(fall and winter veggies) carrots, parsley, green onions, broccoli

(overwintering), cabbage, cauliflower, kale, radish, turnips, radicchio,

beets, and swiss chard

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  • 1 month later...

Here's an update on my holy basil situation, even though it's a little late :smile:

I did manage to find holy basil at Portland Nursery a few weeks after my last post on the subject here. However, the plants didn't look exactly the same as the ones I had last year. The leaves were a little lighter shade of green (more of a mint green instead of the dark green) and didn't look quite as substantial. However, I bought a couple of plants and they are doing quite well.

However, just a few weeks ago, I was out in my garden and noticed what I first thought were a couple of weeds growing amidst the thyme in my herb garden, close to the spot where I planted the holy basil last year. Just before I yanked them out, I realized that they looked familiar. Sure enough, they were holy basil, volunteers from the dropped seeds of last year's plant.

The plants are definitely a different variety from the ones I got this year, and the taste is a little different too. This year's holy basil has a slightly "greasy" flavor (if that's the right word), similar to what you get from curry leaves. I mean this in a good way. Both work very well in thai curries and noodle dishes.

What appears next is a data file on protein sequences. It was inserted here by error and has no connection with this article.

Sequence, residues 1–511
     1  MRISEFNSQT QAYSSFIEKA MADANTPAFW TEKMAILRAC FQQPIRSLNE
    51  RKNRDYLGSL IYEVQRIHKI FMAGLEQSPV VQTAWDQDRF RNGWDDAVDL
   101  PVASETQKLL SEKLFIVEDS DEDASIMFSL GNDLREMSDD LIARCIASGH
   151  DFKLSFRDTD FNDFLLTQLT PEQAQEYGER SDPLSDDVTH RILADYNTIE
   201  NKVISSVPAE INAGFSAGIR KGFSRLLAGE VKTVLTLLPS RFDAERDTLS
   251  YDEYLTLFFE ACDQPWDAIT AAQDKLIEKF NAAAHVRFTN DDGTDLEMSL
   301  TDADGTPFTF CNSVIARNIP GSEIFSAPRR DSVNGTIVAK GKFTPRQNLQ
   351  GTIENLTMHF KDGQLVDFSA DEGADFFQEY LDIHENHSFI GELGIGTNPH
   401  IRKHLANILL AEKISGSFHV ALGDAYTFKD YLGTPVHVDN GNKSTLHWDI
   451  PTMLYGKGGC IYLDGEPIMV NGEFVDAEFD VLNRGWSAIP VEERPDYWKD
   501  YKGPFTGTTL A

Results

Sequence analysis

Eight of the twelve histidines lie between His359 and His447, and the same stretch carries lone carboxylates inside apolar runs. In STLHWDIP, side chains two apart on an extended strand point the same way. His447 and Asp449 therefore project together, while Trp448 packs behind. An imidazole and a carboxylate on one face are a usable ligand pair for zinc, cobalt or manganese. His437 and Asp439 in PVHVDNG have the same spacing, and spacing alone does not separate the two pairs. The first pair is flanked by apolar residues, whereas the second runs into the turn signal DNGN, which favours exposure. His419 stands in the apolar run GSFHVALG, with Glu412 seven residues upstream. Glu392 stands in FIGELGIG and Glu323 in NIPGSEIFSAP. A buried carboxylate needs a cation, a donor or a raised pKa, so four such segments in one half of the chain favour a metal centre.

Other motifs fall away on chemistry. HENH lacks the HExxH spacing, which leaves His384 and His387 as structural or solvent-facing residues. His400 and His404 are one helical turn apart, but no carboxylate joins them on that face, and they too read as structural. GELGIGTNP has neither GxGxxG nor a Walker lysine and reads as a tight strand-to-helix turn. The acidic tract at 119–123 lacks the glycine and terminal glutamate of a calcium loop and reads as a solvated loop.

Check out our Fooddoings and more at A View from Eastmoreland
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I finally bought a curry plant this year - specifically to use leaves called for in Indian Home Cooking recipes. It is great - and trying to flower. I clipped them off to promote longevity - not sure if that was appropriate or not. Guess not, as it is considered a "dried flower use" plant - a perennial (in Seattle? We shall see.)

Tomatoes! Both from the unmarked orange cherry type and full on red Siletz.

Figs - plenty, but some browned early and dropped, for the first time. What's wrong?

Edited by tsquare (log)
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Yes, the first tomatoes! Sungolds, Stupice and Black Plum (roma-style) are all ripening. The Black Plum are great for a roma-I'll definitely plant those again. I've got lots of green tomatoes on the French Carmello and the other heirloom types I planted.

The pole beans are going nuts-I have so many. I need to learn to pickle.

I tried sowing various lettuce seeds a couple weeks ago but the little sprouts did not survive the heat wave. It may have been my fault for not keeping them moist enough.